Oscar Isaac is burning the candle at both ends in Moon Knight, and not just because his character, Marc Spector, has dissociative identity disorder. He serves multiple narrative purposes in the Disney+ series that also introduces us to a new Marvel hero. As Marc Spector, Isaac gets to be the badass mercenary and superhero Moon Knight. But as Steven Grant, one of Marc’s alternate personalities, Isaac gets to be the audience surrogate. He is our entry into this new chapter in the MCU that has very little connective tissue to anything even remotely Avenger-y. As a bumbling gift-shop employee, Steven believes he’s been experiencing blackouts, somnambulism, and vivid dreams — he has no idea that he’s leading another life as Marc. The mystery of Steven/Marc is a fun twist on the “secret identity” trope in superhero fiction and a compelling place to start the MCU series. Judging by the first episode, Moon Knight is not the profane romp that comic-book readers may have anticipated from the mercenary who serves a moon god (more on that later), but they’re clearly not afraid to get weird with it.
The surname “Grant” is fitting for this particular alter, as the gift-shop employee and Egypt enthusiast Isaac plays is less Raiders of the Lost Arc and more Four Weddings and a Funeral (as in Hugh Grant). He’s always running late. His only friends are a living statue and a one-finned fish named Gus. We’re not used to seeing this type of unassuming charm from Isaac, a man who recently broke the internet by smelling Jessica Chastain’s arm. Shy, in general, is not a flavor of hero we’re used to seeing from any Marvel property. The closest comparison would be Bruce Banner or Spider-Man, but Steven Grant’s neither as naïve as Peter Parker nor as depressed as Banner. He’s intelligent and well-read but not a STEM genius. On the other hand, Marc Spector is capable, stoic, and more of a traditional hero type. But we haven’t gotten to him yet.
Our day in the life of Steven Grant starts with him cheerfully chirping at his neighbors, asking if one is “still selling the ol’ brushes ’n’ brooms” before heading off to work in the gift shop at the National Gallery in London’s Trafalgar Square. His boss, Donna (Lucy Thackeray), insults everything about him, from his knowledge of Egyptian mythology to his flirting skills. The security guards can’t remember his name. Something is off, however. Another co-worker, Dylan (Saffron Hocking), asks if they’re still on for their date Friday — but he doesn’t remember asking her out. He’s either too scatterbrained for his own good, or something other than Gus is fishy. The uneasy feeling only grows when, despite a meticulous nighttime routine designed to keep Steven from falling asleep, he wakes up … in Germany.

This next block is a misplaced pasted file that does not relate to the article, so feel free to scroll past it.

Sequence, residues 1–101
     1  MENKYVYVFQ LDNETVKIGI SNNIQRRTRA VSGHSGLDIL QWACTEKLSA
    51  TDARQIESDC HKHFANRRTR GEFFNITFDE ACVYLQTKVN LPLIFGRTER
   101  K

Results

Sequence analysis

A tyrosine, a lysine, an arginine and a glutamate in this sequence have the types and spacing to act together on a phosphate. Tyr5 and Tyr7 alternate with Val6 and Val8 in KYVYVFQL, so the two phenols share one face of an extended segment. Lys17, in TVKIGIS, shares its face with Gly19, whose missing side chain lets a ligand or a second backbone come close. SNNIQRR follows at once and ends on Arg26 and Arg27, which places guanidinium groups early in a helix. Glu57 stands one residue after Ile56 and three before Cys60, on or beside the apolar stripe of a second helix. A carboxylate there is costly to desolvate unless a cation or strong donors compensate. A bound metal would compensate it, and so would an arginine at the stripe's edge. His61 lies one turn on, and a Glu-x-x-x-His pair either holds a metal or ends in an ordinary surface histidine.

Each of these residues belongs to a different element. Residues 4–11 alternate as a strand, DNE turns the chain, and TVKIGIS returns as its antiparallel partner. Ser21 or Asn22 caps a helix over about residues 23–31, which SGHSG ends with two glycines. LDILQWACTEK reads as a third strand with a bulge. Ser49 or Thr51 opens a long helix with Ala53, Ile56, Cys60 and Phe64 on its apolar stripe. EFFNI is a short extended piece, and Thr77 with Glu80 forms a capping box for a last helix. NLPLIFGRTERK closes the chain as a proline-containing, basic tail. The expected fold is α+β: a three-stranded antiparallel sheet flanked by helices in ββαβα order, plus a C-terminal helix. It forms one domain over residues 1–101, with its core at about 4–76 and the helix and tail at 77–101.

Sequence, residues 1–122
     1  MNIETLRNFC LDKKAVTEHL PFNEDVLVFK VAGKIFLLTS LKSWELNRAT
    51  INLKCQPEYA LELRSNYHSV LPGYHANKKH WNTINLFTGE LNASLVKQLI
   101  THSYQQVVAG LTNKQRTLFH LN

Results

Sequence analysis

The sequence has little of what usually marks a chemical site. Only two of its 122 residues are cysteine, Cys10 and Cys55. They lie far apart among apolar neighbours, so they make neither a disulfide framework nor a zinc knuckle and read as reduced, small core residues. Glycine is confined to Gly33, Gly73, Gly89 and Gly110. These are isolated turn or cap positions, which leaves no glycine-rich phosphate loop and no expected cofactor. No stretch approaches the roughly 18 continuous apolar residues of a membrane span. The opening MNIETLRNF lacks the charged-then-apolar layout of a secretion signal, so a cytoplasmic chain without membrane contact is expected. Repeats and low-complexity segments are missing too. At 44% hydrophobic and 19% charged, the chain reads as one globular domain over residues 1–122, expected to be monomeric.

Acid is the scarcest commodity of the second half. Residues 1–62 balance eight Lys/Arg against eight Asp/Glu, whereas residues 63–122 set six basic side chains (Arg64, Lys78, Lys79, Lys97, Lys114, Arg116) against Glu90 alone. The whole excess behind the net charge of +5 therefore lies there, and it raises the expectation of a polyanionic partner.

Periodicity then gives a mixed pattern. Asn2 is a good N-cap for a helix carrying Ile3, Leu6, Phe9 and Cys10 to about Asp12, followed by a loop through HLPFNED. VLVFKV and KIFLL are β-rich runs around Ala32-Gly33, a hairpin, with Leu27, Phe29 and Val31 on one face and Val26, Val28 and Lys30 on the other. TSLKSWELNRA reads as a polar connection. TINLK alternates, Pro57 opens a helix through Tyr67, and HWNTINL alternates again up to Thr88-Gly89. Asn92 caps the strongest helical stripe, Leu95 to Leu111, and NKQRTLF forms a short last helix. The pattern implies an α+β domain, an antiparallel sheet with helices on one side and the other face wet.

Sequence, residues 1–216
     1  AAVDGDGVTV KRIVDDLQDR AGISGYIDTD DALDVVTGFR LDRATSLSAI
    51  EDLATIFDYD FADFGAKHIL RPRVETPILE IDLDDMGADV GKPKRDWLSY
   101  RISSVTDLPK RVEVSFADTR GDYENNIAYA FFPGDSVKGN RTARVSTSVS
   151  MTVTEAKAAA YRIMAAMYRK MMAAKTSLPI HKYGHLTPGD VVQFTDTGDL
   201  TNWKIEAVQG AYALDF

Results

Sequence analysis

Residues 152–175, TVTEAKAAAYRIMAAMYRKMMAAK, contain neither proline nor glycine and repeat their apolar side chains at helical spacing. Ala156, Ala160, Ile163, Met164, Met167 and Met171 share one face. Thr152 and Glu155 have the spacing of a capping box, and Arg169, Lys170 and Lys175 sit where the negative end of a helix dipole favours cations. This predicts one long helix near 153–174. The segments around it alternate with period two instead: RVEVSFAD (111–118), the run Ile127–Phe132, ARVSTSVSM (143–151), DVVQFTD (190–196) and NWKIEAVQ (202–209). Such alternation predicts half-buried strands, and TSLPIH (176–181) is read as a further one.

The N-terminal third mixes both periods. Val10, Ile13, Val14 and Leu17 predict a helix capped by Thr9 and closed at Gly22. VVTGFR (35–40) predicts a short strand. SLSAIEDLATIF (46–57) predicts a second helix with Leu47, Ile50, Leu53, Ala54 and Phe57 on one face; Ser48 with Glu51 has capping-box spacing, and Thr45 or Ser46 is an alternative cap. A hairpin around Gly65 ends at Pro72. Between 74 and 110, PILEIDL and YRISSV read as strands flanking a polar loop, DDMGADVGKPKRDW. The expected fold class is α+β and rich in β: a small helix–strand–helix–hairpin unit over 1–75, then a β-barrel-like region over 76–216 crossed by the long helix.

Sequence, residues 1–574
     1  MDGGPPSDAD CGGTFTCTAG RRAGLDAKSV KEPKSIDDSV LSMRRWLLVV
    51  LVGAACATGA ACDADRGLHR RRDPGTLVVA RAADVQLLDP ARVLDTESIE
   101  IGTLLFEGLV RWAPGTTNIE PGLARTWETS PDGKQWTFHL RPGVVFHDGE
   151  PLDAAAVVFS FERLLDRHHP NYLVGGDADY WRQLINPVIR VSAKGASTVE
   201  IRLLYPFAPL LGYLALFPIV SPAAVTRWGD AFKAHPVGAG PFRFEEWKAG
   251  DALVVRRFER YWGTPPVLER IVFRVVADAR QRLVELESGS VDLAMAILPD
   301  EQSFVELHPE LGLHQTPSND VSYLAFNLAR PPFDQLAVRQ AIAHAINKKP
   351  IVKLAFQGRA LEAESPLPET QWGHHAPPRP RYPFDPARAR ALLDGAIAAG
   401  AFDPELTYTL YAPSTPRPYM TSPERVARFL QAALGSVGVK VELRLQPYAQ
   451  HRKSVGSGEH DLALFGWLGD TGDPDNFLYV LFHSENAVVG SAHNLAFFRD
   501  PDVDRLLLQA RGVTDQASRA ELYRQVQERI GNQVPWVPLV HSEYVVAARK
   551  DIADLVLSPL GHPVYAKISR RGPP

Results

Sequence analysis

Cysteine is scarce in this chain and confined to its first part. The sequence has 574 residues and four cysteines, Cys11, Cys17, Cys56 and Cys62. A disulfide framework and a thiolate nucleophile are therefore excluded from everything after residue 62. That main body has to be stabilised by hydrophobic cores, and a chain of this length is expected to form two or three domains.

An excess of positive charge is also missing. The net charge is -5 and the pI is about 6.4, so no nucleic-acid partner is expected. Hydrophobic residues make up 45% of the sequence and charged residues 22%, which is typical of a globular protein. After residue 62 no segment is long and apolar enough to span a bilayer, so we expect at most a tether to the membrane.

It’s not difficult to see why Steven thinks he’s dreaming: He’s surrounded by poppies; his jaw is broken; a golden scarab is in his pocket; people are shooting at him; the booming, disembodied voice of F. Murray Abraham is calling him a worm and telling him to “surrender the body to Marc.” None of this makes rational sense. Nor do the crowds of people walking, zombie-like, toward Arthur Harrow (Ethan Hawke) in the village square.
The cold open introduced us to Arthur in the middle of a self-flagellation ritual that ended with him putting glass shards in his sandals. So when we see him in Germany, walking with a crocodile-adorned cane with cult-esque followers trailing behind, we at least know why his feet hurt. Arthur performs a ritual to their goddess, Ammit, and then kills one of his followers on the spot. Arthur’s guards inform him that they were ambushed and lost the scarab, which leads him to discover Steven in the crowd, who he believes to be the “mercenary.” Steven doesn’t want trouble and tries to give the scarab to Arthur, his body resists. Someone else seems to take control. Steven blacks out and wakes up covered in blood, seemingly having killed the guards. Oops.
Next, he steals a cupcake-delivery truck and hightails it out of town (soundtracked by Wham!’s “Wake Me Up Before You Go-Go”), navigating the Alpine path surprisingly well for a Londoner who doesn’t have a driver’s license. Occasionally Steven blacks out and comes to just after committing more violence against Arthur’s men chasing him. (See what Moon Knight is doing here? Disney+ can have their [cup]cake and eat it too by implying twisted acts of brutality without the burden of having to show it onscreen.)